4 APRIL 1992, Page 24


James Michie recalls the year in which he jumped three times into the unknown

SUDDENLY, in my late forties, I resolved to do the three things which had always filled me with special fear. They were: to attend one of those Californian-style, per- sonality-expanding, inhibition-lessening group encounters, to parachute, and to answer a sex advertisement in person.

I was frightened of the first because I'm only at ease with individuals or very small groups. Crowds, even demonstrations I'm part of, give me the jimjams. Nevertheless, I signed on and paid for a course of 12 evenings in St John's Wood and arrived punctually equipped, as ever, with cigars and hip-Ilask. I accepted their immediate confiscation, but I struggled a bit when I was asked to remove my shoes. I was then led into a room in which over a dozen people were sitting in a circle, shoeless and cross-legged. Perversely, I adopted some different posture, but it was soon adjusted to the norm by an assistant thera- pist. I smiled in what I thought was an all- embracing way and looked round — not a single face that one would be drawn towards at a party, let alone one that, faute de mieux, one might pick out if a train stopped in a tunnel for three hours.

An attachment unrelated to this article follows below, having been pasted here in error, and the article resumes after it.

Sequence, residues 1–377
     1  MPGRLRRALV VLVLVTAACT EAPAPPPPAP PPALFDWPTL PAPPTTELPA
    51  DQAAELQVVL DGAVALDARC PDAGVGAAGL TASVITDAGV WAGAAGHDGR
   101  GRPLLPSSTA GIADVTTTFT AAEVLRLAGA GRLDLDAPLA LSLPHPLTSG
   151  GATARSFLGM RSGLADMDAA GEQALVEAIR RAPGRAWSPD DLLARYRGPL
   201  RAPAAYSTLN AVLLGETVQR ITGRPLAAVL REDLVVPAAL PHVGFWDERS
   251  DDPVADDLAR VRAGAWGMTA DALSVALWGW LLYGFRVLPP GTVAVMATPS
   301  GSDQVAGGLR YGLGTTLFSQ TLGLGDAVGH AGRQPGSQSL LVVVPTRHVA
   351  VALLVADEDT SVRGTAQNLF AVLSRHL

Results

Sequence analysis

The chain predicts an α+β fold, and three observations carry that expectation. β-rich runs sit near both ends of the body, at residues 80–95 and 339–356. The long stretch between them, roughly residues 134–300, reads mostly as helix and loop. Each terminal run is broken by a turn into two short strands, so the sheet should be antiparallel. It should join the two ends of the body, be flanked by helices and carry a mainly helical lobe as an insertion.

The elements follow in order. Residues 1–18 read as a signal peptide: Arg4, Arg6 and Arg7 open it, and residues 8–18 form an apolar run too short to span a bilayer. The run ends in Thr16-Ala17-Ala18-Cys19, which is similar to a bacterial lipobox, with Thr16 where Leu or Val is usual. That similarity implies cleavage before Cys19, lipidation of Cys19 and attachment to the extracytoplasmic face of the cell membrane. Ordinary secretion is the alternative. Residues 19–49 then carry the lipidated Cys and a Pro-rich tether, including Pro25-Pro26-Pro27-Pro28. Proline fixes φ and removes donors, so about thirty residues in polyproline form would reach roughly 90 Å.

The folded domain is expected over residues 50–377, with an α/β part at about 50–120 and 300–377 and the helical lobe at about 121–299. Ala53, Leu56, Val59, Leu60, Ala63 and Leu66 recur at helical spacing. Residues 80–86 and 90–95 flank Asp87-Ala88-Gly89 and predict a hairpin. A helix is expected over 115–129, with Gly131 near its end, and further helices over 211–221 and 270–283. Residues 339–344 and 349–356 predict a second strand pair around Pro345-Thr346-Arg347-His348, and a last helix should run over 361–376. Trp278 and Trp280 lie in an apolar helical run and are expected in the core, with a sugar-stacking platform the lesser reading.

During that evening, between coffee- breaks, we publicly confessed our woes and inadequacies, we did little solo dances to express our unexpressed aggression, we pretended to be animals (I thought I did well as a jerboa, but had to be histrionically captured and devoured by wee Kevin, who had chosen the role of desert wolf), we wrestled (I was 'too rough'), we played `truth games' (in which I was much the best liar), and we each had to have a cross- legged, eyeball-to-eyeball personal con- frontation with the Leader, a girl from the mid-West who was built like a buffalo but had just been impersonating a vole. At last I was on home ground, one to one. 'Why don't you like me?' she led off. 'Why are you frightened of me?' But I do like you,' I lied. 'If I'm nervous, it's only because I feel there may be a current of sexual attraction between us. Do you like me?"No. Isn't it obvious I don't?' We got no deeper or fur- ther.